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Dawne Dewey retires after 31 years at WSU

Dawne Dewey | Photo provided by Dawne Dewey | The Wright State Guardian


Dawne Dewey, head of the Special Collections and Archives at Wright State University (WSU) is retiring after 31 years. 

31 years of service

As the head of the archives, Dewey’s job includes a multitude of different things. She is in charge of outreach for the archives, community engagement, fundraising, strategic planning and much more. 

“My responsibility is to keep everyone’s eyes on the mission,” said Dewey.

Prior to her work in the archives, Dewey received all of her college education from WSU.

She has also taught as an adjunct professor in the history department and honors department. She taught an aviation class for about 10 years and ran the graduate program for public history as well.

Sharing her passion with others

“I have always had a passion for history,” said Dewey. 

Dewey loves learning and studying about history, but most of all she loves to share it with others. 

“The most important thing about the archives is the fact that we share that information and make it available whether online or in person. We make it available to everybody, whether it’s a college student, faculty member, a community member or a grade school student.”

The archives can look intimidating from the outside, but Dewey wants everyone to know how welcoming and helpful the archivists are. 

“The archives provide our students with an opportunity to read and touch and learn the past directly from the people who lived in it,” said Dewey. “It has so much to offer for students who want to enhance their papers and projects and presentations and the archivists are very knowledgeable and very talented. It’s a really welcoming place.”

History holds a special place in Dewey’s heart, and even though she is retiring, she hopes that others will discover the importance of history too.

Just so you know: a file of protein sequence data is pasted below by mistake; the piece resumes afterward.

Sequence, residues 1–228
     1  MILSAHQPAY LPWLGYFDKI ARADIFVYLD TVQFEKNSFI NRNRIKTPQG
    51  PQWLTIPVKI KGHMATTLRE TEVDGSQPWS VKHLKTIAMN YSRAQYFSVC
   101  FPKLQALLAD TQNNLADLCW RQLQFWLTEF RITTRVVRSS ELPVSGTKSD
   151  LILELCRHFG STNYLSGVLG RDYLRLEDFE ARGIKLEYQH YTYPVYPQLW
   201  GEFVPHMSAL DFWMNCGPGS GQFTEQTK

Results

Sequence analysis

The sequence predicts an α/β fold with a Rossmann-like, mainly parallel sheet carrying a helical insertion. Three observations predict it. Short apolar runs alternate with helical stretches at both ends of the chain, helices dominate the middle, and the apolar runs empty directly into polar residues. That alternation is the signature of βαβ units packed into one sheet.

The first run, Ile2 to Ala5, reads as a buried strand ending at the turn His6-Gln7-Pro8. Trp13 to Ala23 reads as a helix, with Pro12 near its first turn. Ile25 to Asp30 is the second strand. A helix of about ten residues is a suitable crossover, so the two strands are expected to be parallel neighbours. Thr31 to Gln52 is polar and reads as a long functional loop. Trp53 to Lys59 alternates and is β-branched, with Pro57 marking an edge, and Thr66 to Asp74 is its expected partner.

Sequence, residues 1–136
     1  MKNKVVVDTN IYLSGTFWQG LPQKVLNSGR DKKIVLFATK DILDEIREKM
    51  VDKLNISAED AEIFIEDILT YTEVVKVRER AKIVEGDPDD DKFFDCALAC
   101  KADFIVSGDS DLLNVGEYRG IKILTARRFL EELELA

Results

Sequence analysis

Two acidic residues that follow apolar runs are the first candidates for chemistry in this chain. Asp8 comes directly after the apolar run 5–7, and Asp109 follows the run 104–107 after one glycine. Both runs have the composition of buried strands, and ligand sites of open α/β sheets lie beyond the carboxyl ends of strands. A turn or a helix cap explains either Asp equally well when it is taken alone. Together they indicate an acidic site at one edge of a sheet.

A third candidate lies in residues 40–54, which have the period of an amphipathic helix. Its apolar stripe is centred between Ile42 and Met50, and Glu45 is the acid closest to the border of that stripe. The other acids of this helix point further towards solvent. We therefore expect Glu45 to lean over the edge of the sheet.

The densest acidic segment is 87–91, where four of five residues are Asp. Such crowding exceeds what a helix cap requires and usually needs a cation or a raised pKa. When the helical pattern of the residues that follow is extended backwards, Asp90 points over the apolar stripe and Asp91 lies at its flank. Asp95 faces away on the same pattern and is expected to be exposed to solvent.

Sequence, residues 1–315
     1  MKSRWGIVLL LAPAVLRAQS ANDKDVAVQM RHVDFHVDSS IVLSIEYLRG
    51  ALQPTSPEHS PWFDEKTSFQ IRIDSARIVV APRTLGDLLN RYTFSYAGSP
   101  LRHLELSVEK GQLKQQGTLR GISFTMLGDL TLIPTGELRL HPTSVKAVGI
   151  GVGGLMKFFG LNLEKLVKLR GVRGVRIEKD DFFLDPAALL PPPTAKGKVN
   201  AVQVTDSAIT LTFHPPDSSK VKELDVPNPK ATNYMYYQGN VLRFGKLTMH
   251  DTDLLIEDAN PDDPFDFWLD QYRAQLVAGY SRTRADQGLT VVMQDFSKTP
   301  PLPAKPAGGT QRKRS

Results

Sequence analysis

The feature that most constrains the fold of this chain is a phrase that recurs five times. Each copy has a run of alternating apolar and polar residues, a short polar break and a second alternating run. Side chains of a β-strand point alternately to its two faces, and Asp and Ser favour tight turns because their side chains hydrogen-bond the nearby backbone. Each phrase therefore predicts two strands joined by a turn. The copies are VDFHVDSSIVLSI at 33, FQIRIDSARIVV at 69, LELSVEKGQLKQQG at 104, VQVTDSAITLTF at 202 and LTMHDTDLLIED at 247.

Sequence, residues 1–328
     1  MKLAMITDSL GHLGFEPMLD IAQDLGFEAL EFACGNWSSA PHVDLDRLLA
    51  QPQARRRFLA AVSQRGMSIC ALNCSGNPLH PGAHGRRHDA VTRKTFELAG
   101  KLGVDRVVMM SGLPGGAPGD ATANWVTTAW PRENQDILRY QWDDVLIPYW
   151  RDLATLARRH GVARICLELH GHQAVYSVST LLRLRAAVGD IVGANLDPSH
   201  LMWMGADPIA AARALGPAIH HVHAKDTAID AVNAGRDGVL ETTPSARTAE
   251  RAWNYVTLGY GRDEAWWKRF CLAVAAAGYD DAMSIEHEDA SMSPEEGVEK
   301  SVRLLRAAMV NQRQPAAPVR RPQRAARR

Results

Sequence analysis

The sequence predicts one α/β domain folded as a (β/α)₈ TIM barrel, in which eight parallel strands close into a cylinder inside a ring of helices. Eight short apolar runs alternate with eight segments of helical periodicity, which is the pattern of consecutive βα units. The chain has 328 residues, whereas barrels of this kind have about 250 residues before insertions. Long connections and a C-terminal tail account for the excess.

According to Dewey, history provides people with a strong sense of identity and helps people to be proud of who they are and where they are from. 

“It can give us a great sense of connection to the past and to our community,” said Dewey. “We’ve always heard that history repeats itself, and if we don’t study it and learn from it, we’re going to make mistakes.”

Love for colleagues and students

As much as Dewey loves history, she says that after she retires she will miss the people more. 

“The thing I will miss the most will be the people that I work with, my wonderful colleagues and staff in the archives,” said Dewey. “I really love being in the classroom with the students, getting to know them, hearing about their hopes and dreams and helping them along the way in any way I could.”

There is just something special about being able to go and pick up a 150 year old diary or letter, according to Dewey, but she knows that this is something she can still do as a researcher after she retires. 

Bittersweet ending

Dewey is going to miss her job as the head of the Special Collections and Archives, but she admits that her time is up.

“It’s bittersweet,” said Dewey. “I know that it’s time for me to start this new chapter. I’ve given the job 31 years and I’ve done everything I could to help the archives advance and grow.”

Dewey will always be thankful for her time at WSU and the opportunities the university has given her.

“I’m still very supportive of Wright State,” said Dewey. “I think it’s a great place for education and it’s afforded me so many opportunities throughout my career to grow and to give back and experience things that I never would have experienced if I hadn’t had this job.”

Wright State is holding a virtual retirement celebration for Dawne Dewey and her 31 years of service on May 29 at 2 p.m.


Makenzie Hoeferlin

Editor-in-Chief